I created this page for those C programmers who, like me, are being forced
to learn how to use the emacs editor after years of using the Unix standard vi
editor. I will focus on how to do common things that you do when coding in C with the vi
editor. Note that while there may be more than one way to do something, and sometimes an
easier way to do something, the information I provide is more often a straight forward
translation of how you would do things in vi in terms of how you would do the
same thing using the emacs editor. Also what is here is the bare minimum to get
you started. Unlike in vi, in emacs you don't have to enter a
"insert" mode to add text -- what you type appears immediately on screen.
If you are a vi fan and have been experimenting with vi clones (vim, nvi
and the rest), then you need to check out the VIPER package in emacs.
Written by Michael Kifer, it's
cool, like vi on steroids.
Ctrl - SPACE, move cursor upto the first character of the line next to last line you
want to yank, Esc - w
place (emacs calls this yank -- yank from the copy buffer)
p or P
Ctrl - y
This is one vi feature I am addicted to and which made the change to emacs
tough because emacs does not have a direct way to do this even under it's various
programming modes. Below is some emacs lisp
code that I picked off from the Internet that will map the % key to do exactly what vi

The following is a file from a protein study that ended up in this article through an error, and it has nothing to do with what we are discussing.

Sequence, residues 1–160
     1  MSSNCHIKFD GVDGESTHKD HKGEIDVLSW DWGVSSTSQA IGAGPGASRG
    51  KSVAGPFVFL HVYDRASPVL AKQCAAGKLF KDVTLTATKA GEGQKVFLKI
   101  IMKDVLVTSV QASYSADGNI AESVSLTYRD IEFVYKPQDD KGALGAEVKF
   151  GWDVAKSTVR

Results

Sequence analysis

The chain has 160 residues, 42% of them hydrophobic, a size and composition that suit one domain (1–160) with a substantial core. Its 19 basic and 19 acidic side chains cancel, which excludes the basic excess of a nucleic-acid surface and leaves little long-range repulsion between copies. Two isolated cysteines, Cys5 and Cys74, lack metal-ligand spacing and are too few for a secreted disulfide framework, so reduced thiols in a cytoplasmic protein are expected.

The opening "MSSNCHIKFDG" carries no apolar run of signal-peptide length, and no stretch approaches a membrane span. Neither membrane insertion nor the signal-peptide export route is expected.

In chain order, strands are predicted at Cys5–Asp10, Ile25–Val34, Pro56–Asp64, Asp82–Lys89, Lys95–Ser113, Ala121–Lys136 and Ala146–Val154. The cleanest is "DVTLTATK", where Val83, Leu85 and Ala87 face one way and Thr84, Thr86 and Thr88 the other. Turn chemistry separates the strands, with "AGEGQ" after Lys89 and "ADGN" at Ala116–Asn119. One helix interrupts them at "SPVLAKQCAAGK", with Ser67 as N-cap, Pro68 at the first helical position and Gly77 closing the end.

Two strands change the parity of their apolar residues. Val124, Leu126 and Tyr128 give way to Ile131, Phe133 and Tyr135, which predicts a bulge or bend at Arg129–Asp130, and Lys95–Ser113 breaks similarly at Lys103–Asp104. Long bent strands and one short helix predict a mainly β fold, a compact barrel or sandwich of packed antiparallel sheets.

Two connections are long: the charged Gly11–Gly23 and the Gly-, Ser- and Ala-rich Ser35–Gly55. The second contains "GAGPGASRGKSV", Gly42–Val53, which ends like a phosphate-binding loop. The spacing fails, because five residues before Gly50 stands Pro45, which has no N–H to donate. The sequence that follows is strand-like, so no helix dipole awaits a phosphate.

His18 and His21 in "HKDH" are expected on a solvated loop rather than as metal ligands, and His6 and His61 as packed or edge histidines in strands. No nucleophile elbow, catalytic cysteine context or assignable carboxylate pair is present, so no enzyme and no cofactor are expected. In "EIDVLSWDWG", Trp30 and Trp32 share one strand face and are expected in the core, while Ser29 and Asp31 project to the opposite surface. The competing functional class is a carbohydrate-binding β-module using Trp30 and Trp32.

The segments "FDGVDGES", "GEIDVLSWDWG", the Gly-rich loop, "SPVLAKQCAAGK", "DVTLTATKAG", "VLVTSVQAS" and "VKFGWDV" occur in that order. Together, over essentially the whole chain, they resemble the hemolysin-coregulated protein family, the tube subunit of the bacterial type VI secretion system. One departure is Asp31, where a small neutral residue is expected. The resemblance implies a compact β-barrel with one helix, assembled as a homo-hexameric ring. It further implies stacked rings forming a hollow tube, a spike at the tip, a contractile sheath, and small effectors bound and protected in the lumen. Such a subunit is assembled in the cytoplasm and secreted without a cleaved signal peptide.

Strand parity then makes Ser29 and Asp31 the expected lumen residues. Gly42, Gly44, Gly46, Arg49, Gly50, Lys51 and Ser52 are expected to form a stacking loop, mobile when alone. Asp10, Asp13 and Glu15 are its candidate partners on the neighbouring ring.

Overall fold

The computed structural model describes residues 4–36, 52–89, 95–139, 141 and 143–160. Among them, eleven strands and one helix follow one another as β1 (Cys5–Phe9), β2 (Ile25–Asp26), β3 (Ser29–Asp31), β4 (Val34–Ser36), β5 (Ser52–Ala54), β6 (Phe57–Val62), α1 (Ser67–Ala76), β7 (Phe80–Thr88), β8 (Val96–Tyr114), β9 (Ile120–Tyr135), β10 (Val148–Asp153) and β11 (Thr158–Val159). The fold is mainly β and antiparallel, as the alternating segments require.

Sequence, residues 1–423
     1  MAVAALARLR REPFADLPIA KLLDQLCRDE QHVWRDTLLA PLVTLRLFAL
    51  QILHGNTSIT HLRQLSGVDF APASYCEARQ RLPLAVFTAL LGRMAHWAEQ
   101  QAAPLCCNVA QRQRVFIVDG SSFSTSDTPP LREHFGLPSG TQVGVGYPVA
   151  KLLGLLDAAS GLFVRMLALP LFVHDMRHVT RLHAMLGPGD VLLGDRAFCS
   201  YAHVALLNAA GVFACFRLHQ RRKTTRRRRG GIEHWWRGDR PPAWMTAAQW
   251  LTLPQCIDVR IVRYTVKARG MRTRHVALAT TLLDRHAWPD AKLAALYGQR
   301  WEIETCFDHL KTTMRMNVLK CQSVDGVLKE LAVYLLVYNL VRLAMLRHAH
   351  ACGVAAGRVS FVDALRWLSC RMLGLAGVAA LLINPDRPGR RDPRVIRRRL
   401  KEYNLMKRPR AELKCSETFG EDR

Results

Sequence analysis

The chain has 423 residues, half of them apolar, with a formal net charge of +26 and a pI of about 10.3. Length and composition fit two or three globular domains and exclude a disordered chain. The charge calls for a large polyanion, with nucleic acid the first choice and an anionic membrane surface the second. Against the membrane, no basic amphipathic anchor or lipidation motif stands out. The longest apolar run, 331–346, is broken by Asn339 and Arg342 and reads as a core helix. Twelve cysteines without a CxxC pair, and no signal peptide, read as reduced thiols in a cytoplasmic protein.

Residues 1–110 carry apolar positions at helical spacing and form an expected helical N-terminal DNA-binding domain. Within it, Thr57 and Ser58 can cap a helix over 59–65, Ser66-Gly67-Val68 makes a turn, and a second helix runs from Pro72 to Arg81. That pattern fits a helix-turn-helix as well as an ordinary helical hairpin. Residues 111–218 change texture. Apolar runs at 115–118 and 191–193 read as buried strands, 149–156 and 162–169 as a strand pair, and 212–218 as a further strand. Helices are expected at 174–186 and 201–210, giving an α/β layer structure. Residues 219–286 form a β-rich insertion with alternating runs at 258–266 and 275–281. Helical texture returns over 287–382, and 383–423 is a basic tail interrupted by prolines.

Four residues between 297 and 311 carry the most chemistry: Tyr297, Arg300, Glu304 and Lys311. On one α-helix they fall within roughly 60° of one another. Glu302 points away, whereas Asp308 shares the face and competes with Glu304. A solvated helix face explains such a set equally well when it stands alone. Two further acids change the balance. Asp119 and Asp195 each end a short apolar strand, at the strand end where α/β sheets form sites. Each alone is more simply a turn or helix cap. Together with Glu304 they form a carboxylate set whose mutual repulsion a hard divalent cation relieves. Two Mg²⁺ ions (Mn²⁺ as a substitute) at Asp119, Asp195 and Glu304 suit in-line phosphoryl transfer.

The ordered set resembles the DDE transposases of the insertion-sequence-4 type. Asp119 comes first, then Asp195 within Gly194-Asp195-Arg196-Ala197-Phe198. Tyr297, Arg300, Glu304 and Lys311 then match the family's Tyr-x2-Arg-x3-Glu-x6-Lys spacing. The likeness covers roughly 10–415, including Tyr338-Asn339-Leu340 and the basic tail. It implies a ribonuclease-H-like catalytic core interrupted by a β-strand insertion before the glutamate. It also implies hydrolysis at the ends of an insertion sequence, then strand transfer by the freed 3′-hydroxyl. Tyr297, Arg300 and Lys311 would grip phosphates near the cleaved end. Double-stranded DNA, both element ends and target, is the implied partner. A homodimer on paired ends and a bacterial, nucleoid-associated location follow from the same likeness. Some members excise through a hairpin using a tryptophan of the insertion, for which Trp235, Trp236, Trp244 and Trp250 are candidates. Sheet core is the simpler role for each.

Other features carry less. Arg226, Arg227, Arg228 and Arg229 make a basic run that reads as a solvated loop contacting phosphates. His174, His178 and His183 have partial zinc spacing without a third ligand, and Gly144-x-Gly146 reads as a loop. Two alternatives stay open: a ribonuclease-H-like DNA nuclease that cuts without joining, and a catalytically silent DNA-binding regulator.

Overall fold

does. A big thanks to whoever wrote this. (Thanks to Eric Pement (Sed FAQ) for pointing out that this is
from the Emacs FAQ).
What you need to do is open the file .emacs under your home directory and stick
the following lines as is in the file. Close and re-open emacs and, presto, you
can use the % like you do in vi. Note that I have not tested this extensively,
but it seems to work.
(global-set-key "%" 'match-paren)
(defun match-paren (arg)
"Go to the matching paren if on a paren; otherwise insert %."
(cond ((looking-at "\\s\(") (forward-list 1) (backward-char 1))
((looking-at "\\s\)") (forward-char 1) (backward-list 1))
(t (self-insert-command (or arg 1)))))
Many commands in emacs bring up a prompt line at the bottom of
the editor screen (like the ":" command line at the bottom of the vi
editor) where you need to provide additional information after which you press the
Enter/Return key to cause the command to act.
Unlike the Alt/Ctrl/Meta/Shift key combinations, Esc key combinations
require that you press and release the Esc key before you press the next key. On Unix
workstations, you may be able to use the Meta key instead of the Esc key (in which case,
you would keep the Meta key pressed when pressing the next key in the key combination).
NTEmacs (GNU Emacs compiled for Windows 9x/ME/NT/XP/2K) you can use the ALT key for Esc
key combinations (keeping the ALT key pressed when keying in the next key in the